Browsing UMB Open Access Articles by Subject "yoga"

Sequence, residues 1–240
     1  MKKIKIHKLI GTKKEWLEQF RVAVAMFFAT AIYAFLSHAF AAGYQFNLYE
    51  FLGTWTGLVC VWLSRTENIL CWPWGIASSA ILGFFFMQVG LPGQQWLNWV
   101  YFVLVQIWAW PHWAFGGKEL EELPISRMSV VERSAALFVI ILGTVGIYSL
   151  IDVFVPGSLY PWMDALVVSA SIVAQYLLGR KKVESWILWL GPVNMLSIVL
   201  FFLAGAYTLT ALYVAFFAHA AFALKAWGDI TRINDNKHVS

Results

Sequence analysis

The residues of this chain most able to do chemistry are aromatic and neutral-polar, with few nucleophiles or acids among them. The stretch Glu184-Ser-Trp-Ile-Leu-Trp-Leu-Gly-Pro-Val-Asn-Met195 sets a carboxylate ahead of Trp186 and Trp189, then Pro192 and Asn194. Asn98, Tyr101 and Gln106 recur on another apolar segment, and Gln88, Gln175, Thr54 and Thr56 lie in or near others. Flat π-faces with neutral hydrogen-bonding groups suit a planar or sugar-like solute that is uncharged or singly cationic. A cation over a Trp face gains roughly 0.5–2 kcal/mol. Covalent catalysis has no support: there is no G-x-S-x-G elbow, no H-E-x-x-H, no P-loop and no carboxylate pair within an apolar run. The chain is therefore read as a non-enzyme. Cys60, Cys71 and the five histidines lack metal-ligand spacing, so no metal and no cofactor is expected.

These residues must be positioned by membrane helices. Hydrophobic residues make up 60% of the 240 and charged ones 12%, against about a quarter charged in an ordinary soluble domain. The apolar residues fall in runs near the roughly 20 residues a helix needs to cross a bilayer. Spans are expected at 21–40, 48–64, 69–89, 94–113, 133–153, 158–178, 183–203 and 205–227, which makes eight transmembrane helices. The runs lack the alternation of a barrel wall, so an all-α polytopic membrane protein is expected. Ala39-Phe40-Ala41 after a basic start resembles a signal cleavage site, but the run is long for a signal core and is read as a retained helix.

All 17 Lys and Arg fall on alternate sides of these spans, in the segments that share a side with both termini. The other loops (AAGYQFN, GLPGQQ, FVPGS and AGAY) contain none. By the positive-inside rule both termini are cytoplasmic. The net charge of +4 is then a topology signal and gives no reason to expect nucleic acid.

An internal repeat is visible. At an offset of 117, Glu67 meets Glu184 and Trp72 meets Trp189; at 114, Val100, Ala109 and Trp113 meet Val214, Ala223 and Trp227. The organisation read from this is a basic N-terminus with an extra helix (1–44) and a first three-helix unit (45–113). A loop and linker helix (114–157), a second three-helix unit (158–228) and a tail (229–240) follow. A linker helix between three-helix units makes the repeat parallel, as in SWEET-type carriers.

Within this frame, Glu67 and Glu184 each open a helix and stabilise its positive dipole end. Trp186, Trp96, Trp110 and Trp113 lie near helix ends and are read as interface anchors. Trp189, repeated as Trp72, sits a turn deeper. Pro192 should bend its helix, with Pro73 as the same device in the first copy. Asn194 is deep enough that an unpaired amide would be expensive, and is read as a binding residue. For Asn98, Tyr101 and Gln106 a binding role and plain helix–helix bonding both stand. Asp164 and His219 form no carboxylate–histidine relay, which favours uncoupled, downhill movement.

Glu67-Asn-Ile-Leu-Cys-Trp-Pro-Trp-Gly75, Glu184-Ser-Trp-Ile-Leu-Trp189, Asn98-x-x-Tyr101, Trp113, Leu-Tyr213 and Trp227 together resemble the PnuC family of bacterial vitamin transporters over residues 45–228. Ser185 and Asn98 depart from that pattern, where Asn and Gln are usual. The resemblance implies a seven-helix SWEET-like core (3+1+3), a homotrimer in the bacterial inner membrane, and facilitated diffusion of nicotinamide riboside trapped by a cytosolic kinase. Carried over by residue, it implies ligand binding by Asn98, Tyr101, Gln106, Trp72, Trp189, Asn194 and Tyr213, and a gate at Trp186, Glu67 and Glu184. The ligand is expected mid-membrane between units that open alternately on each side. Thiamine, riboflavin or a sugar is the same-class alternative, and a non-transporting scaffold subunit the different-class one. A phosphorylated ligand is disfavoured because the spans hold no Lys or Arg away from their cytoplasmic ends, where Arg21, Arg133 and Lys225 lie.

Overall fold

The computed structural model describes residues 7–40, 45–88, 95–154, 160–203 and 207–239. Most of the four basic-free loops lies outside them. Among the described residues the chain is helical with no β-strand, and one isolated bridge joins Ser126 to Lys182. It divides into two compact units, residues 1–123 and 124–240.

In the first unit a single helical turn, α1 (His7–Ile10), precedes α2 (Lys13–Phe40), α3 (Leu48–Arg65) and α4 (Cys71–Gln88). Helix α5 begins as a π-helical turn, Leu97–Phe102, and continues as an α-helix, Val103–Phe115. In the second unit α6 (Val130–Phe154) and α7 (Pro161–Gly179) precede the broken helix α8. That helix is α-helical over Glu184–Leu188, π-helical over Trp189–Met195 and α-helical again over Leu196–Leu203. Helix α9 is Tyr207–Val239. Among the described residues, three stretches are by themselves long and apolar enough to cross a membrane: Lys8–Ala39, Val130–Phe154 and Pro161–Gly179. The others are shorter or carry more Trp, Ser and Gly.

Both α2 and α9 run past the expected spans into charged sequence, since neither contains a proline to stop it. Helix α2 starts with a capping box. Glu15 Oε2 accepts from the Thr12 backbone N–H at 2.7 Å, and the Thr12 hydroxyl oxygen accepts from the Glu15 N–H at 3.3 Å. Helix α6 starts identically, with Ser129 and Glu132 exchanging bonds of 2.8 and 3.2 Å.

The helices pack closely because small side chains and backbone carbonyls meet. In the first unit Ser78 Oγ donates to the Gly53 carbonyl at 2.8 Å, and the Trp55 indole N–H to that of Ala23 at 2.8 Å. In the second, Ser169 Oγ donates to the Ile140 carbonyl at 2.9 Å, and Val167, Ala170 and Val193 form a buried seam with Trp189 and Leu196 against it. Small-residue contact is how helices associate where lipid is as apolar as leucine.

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A Summer Health Program for African-American High School Students in Baltimore, Maryland: Community Partnership for Integrative HealthContext Physical inactivity, poor nutrition, and chronic stress threaten the health of African-American youth in urban environments. Conditions often worsen in summer with diminished access to healthy foods and safe venues for physical activity. Objective A public-private partnership was formed to develop and evaluate an integrative health intervention entitled "Mission Thrive Summer" (MTS). Methods The MTS setting was an urban farm and adjacent school in a low-income community in Baltimore, Maryland. The intervention included farming, nutrition education, cooking, physical activity, yoga, mindfulness, and employment. Mixed-methods outcomes evaluation was conducted. Quantitative measures included accelerometry and self-reported health behaviors, using the Child and Adolescent Mindfulness Measure, Perceived Stress Scale, Physical Activity Questionnaire for Adolescents (PAQA), CDC Youth Risk Behavior Survey, and Block Kids Food Screener (BKFS). Outcomes were compared pre- and post-intervention using paired t-tests. Qualitative evaluation was based on participant and parent interviews. Participants In total, 36 African-American 9th- and 10th-grade students joined MTS (17 in 2013, 26 in 2014, and 7 participating both years). Results In total, 88% of participants completed MTS. Accelerometry revealed that participants took 7158 steps and burned 544 calories per day during MTS. Participants experienced statistically significant improvements in self-reported physical activity (PAQA) and dietary habits (BKFS). Surveys did not detect changes in stress or mindfulness (P >.05). Qualitative data demonstrated new knowledge and skills, increased self-efficacy, health behavior change, and program enjoyment. Conclusions MTS was feasible among African-American high school students in Baltimore. Mixed-methods outcomes evaluation provided preliminary evidence of health behavior change during the summer and at follow-up. Copyright 2017 The Authors